IIO clears RCMP in fatal shooting of Site C protester

B.C.'s police watchdog has cleared a Dawson Creek RCMP officer in the fatal shooting of a Site C protester last year.

In a report issued by the Independent Investigations Office of BC today, the agency says "it does not consider that any police officer may have committed an offence under any enactment and therefore the matter will not be referred to Crown counsel for consideration of charges."

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An RCMP member photographs the scene where James McIntyre was shot by police July 16, 2015.

James McIntyre, 48, was shot July 16, 2015, outside a Dawson Creek restaurant where an open house on the Site C dam project was taking place, after allegedly confronting officers with a knife. RCMP were called to the scene after a man flipped tables and tore up posters inside.

The controversial $8.8 billion dam project on the Peace River began construction later that summer. 

The McIntyre shooting gained international attention in part due to McIntyre’s apparent association with the hacker group Anonymous. In the report, investigators confirmed McIntyre was wearing the Guy Fawkes mask associated with the group and carrying two knives. The IIO says McIntyre was fatally wounded by a single gunshot after witnesses described him "lunging towards," officers with an open switchblade in his hands.

"Police ordered the affected person to drop the knife. Pepper spray was deployed with no apparent effect. The affected person did not comply and was subsequently shot once by an officer," the IIO report reads.

McIntyre was shot around 7:16 p.m., according to the IIO's timeline, and was pronounced dead after arriving at the hospital around 7:32 p.m., according to the report. The officer's bullet tore McIntyre's right femoral artery and vein, "causing death through massive blood loss," the IIO says.

The IIO says its investigation focused on whether the officer was legally justified in shooting McIntyre. Officers were not equipped with Tasers, the agency notes. 

"There is no evidence that either officer did anything to provoke or justify these actions, but they were confronted with threatening and potentially deadly assaultive acts involving a non-trivial weapon. The threat was undeniably real and imminent," the IIO report reads.

"The officers’ response was, on the evidence, measured and appropriate."

The report provides an hour-long timeline of the incident, from the time officers were dispatched to the Fixx Urban Grill in Dawson Creek at 6:34 p.m. to 7:37 p.m. when officers requested the IIO be notified of the shooting.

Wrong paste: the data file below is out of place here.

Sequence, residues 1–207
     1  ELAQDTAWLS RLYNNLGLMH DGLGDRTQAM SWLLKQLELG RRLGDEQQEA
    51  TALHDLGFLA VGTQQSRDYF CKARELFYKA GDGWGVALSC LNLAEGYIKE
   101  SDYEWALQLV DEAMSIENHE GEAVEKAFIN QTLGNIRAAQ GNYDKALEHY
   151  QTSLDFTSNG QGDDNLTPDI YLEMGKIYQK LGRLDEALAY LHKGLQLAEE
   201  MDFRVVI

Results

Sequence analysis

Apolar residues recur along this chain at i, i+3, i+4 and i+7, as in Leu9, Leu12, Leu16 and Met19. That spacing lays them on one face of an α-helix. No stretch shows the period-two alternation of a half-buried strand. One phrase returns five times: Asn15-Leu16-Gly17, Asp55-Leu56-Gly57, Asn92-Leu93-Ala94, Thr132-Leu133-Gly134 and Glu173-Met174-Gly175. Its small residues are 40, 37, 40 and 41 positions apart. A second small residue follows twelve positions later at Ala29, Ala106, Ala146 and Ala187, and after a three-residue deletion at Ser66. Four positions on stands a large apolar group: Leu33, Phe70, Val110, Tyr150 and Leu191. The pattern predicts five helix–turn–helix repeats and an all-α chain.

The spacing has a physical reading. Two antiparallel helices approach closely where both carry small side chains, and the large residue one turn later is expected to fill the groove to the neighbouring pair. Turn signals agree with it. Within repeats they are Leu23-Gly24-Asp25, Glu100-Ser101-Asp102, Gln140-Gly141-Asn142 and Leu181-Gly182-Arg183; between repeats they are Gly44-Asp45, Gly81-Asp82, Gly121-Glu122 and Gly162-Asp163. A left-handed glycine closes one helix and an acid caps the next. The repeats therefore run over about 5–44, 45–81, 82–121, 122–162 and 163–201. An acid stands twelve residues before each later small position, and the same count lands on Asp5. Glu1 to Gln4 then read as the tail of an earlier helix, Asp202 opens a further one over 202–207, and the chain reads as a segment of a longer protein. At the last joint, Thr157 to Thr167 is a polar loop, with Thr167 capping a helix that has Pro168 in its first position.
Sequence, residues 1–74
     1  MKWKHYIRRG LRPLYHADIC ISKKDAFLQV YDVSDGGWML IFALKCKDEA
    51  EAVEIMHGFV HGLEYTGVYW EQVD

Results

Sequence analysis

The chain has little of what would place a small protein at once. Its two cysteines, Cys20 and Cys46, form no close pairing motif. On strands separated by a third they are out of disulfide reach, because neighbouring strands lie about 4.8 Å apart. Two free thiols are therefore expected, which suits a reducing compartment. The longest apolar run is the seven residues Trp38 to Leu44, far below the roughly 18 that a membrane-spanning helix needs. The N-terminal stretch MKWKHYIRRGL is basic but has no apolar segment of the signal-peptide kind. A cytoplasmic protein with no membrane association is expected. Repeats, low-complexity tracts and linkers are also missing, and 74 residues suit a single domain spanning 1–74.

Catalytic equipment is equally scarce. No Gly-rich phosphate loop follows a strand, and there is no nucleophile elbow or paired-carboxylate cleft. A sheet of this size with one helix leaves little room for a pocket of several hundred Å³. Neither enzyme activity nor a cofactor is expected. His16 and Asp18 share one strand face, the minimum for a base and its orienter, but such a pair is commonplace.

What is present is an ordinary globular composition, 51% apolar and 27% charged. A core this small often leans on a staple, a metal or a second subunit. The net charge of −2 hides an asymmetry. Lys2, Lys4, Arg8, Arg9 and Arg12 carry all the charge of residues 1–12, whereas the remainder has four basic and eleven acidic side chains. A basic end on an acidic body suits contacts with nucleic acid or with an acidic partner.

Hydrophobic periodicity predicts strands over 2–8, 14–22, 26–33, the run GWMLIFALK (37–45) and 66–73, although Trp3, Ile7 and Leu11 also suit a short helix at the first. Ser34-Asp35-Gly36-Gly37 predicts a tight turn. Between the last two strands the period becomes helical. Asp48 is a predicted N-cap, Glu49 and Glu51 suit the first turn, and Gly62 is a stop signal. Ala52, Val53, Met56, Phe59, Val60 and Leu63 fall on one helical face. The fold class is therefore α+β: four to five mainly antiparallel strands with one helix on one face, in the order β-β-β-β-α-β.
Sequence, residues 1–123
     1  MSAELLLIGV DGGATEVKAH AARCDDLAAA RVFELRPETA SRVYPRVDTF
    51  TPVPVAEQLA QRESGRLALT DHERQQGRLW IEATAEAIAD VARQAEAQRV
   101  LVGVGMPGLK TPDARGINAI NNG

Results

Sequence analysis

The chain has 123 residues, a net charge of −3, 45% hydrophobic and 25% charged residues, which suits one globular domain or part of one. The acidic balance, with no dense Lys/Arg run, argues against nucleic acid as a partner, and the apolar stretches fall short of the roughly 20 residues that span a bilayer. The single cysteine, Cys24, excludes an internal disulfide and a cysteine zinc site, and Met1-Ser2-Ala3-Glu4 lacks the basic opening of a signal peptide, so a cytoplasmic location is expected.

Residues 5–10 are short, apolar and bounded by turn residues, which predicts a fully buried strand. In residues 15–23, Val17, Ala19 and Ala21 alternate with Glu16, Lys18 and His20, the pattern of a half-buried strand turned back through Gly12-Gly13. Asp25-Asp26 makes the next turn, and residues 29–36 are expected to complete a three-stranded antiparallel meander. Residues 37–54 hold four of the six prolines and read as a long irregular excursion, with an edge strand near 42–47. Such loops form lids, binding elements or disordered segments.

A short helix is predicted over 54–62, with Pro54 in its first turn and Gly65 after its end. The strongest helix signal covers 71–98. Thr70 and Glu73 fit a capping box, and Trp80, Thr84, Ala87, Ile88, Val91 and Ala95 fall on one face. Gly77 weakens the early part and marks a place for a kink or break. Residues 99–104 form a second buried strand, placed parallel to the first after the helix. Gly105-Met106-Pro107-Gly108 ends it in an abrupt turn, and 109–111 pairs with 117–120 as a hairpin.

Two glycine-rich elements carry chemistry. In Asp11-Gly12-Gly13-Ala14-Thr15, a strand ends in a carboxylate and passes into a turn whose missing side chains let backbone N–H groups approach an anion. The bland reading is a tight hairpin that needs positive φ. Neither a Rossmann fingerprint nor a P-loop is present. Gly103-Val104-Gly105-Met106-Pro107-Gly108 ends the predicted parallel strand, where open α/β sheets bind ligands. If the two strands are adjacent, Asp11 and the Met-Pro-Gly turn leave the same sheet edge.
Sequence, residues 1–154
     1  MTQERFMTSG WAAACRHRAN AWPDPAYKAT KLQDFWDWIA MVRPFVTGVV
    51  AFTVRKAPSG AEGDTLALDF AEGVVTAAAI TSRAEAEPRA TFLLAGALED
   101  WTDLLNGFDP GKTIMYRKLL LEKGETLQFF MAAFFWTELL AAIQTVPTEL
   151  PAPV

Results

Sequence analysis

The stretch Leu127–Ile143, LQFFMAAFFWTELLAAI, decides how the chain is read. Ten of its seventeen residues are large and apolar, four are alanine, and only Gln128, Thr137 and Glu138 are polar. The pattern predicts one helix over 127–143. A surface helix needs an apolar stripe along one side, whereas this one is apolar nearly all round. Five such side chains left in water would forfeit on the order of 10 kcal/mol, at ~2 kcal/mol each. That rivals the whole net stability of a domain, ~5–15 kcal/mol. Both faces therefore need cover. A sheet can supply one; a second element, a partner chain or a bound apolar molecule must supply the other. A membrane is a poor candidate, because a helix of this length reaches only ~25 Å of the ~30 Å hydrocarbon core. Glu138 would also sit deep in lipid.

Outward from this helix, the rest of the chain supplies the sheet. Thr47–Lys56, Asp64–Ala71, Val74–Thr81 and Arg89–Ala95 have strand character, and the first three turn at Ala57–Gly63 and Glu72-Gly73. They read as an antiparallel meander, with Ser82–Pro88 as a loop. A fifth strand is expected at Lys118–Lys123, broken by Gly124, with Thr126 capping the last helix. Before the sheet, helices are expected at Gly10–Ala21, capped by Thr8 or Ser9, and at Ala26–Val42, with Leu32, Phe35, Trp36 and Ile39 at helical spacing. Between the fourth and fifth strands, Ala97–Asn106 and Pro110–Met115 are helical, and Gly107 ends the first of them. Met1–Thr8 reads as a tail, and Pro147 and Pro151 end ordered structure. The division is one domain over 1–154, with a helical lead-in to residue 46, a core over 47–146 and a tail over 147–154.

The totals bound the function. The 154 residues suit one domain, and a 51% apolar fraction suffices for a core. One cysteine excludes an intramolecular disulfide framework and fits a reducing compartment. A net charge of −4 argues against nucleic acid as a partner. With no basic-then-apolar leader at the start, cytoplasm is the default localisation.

Investigators gathered statements from 17 civilian witnesses to the shooting, along with three witness officers and two paramedics. It also analyzed police records, and video surveillance evidence.

The officer who shot McIntyre declined to be interviewed by IIO investigators and did not provide any written notes or report to the agency.

"As of the time this decision is being issued, it does not appear that the subject officer has completed any reports or notes of his recollection of the incident," the report reads.

"The IIO has, and continues to engage with the RCMP on the necessity of officers completing timely reports."

The officer was placed on administrative duties shortly after the shooting but had returned to active duty in December 2015. The report does not identify the RCMP member by name. 

The IIO at first described the investigation as one of the most complex the agency has dealt with in its four-year history. 

Investigators initially believed McIntyre was the same person who disturbed the Site C open house, but later learned Terry Hadland, a Peace Valley farmer, was responsible for the disruption. 

The IIO’s Marten Youssef said the case attracted more attention than most. 

“This is obviously a really unique case in that it attracted a lot of media attention across the country,” he said. “We’ve obviously faced a higher degree of pressure and scrutiny on this particular case.” 

The IIO also investigated whether the Anonymous-linked Twitter account @jaymack9 belonged to McIntyre, but reached no firm conclusions about whether the two were linked. Anonymous members claimed responsibility for a number of cyber attacks following the shooting, including on the City of Dawson Creek’s website. 

In interviews one year after the shooting, family described McIntyre as a quiet man who built elaborate model train layouts, started a recycling program at work and lived in the same apartment building as his mother.

More to come. 

editor@ahnfsj.ca

reporter@dcdn.ca

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